What kind of work would I consider “worthwhile”? This question actually turned out to be quite difficult. I decided to list what I think is worthwhile in work from most to least importance. This question was taken from material in my Internship class.
I personally think Accomplishment is the most important component of a job. I believe that a job that allows you to feel that sense of accomplishment keeps you motivated to take on the next challenge. This made me to realize that I can never be an archivist. A single collection can takes years to finish and there are constantly more coming in, creating an eternal to-do list that would drive the life out of me. Since High School I have been working on several projects planting native trees and shrubs in a pasture in Kansas. The massive cottonwood trees that once lined the creek bed have nearly died out, leaving the area devoid of any beauty (unless you can consider a fat cow beautiful). It takes years of work before the trees are self-sufficient. I have tasted the bitterness of setbacks; grasshoppers, deer, drought, but I have been motivated by all the little victories along the way.
Ever since I was a kid I have been drawn to things that allow me to be creative. I started with Legos and Lincoln Logs and later took a liking to drawing and writing. I believe a job that stifles creativity puts a roadblock in the employee’s brain. A sense of value is replaced with emptiness as we perform robotic tasks in a robotic way. I love work that allows me to put my signature on it, so to speak. When we lose the opportunity to be creative at work we tend to start glancing at the clock more and work becomes, well, work; boring, lifeless, endless, mindless work.
I believe in the importance of being self-motivated. I feel like the people who work hard and don’t complain live happier lives and have fewer regrets. I was listening to a woman on the bus today who yelled for ten blocks about how she hadn’t gotten this and that and how she is related to a lawyer who was going to help her sue some corporation and “get her money” which she clearly would not be willing to work for. So many people feel they should be given things. They feel they deserve to have a bag of money dropped in their lap. Those kinds of people will never be happy and they will complain until the day they die. Complaining is a powerful addiction. It can quickly become a way of life if nothing is done to correct it. I am not completely free from it yet, not many of us are.
4. Intrinsically rewarding
Although I do not believe this should be the focus of our job search, I do believe it is extremely important to enjoy work. A job that drains the life out of you is not just hard on you, it is often taken home. It can steal the joy out of relationships and cripple our sense of worth. In the book called Vocation by Douglas Schuurman, he says “the cobbler and the preacher are equally holy and equally valued by God if undertaken in faith.” No matter our vocation, we need to be aware that we are there for a reason and we need to be his missionaries wherever we are placed. In my own personal experience I was fortunate enough to get a job I enjoyed. I got that job when I was eight years old. Job title: driving range ball picker-upper kid. My older brother and I did this on summer nights at our local golf course. I loved the job because we got to use these golf ball grabbers that looked like a space gun from Star Wars. When no one was looking I would blast birds and blow up airplanes in the night sky. I’m sure my brother did the same behind my back. My pay: $8 a week and a powerade drink. Looking back it was probably a case of child slavery, but I could not have cared less. It was the most enjoyable job I ever had.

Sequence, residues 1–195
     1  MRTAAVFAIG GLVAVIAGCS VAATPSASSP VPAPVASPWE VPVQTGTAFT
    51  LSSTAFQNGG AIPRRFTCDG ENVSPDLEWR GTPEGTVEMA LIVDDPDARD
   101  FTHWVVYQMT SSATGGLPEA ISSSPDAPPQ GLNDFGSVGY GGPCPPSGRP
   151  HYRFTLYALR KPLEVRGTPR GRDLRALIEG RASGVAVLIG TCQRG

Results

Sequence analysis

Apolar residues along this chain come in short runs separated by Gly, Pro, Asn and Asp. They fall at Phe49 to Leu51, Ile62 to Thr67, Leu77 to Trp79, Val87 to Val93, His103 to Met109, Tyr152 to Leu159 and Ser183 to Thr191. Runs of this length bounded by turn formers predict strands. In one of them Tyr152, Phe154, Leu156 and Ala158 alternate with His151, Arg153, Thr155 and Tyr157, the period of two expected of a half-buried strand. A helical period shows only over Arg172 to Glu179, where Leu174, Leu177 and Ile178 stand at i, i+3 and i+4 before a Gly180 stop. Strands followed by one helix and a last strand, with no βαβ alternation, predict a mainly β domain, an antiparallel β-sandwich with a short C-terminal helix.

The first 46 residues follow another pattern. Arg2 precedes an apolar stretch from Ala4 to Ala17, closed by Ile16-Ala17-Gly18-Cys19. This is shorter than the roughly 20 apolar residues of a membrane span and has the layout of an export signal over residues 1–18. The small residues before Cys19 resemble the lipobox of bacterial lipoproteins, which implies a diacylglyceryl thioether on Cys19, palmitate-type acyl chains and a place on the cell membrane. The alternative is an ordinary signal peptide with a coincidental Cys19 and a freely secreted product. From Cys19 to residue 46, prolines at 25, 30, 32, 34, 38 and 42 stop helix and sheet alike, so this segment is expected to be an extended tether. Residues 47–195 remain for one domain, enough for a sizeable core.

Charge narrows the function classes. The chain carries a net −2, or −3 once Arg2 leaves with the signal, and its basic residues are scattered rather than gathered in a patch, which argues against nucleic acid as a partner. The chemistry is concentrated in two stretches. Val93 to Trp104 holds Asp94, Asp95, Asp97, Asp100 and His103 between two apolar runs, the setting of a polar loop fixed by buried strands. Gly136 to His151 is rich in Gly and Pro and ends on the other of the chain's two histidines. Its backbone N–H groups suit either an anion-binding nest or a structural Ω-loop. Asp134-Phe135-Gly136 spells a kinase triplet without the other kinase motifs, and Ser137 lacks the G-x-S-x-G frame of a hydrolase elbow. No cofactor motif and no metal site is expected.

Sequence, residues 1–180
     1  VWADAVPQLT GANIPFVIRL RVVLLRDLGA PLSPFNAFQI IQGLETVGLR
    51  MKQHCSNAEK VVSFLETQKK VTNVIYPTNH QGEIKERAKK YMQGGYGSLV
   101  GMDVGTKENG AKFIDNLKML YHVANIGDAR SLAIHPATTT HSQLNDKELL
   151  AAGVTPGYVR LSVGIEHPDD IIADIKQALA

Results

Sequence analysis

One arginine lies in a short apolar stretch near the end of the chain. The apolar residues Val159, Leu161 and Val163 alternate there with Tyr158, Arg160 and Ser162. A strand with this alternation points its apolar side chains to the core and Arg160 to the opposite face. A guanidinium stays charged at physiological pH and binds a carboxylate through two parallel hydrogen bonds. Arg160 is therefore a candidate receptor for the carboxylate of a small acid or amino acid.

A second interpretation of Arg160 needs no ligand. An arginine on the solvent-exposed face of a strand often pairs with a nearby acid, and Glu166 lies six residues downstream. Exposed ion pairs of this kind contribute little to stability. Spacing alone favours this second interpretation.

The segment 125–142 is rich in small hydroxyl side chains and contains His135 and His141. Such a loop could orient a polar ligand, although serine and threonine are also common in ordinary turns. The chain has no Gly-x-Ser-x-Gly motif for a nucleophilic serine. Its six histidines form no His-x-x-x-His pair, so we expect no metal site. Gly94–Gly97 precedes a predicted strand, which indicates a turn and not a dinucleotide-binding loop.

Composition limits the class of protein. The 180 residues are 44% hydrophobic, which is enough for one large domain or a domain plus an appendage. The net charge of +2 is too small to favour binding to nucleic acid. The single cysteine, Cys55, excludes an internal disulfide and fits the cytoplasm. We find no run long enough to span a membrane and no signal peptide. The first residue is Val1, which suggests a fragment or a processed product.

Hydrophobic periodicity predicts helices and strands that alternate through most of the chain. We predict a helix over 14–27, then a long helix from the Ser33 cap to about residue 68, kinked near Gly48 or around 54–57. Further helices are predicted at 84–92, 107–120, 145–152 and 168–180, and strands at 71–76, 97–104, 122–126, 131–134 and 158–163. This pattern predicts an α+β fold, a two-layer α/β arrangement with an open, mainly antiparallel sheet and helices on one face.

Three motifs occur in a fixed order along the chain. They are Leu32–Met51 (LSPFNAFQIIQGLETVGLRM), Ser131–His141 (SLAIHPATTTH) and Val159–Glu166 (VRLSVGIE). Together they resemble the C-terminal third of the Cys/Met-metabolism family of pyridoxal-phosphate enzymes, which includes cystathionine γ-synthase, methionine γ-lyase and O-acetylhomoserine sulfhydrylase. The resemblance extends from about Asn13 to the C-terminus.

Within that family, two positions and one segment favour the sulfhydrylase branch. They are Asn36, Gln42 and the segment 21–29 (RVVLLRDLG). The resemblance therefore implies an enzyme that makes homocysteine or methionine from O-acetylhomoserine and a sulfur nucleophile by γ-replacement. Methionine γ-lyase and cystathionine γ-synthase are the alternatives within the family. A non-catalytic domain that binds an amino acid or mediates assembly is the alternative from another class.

I strongly believe that this should not be what motivates us to do our job. We are not called to work for ourselves and pursue our own selfish gratification but to take on the attitude of a servant. Often the people most recognized for their actions are not the ones who sought recognition but earned it after years of dedicated service and faithfulness. In my last journal entry I wrote about what I think a model professional looks like. I believe a professional would have this at the bottom of their list as well. Those who are acknowledged often try to deflect praise to those around them. They are men and women who care far more about their fellow employees than winning a trophy.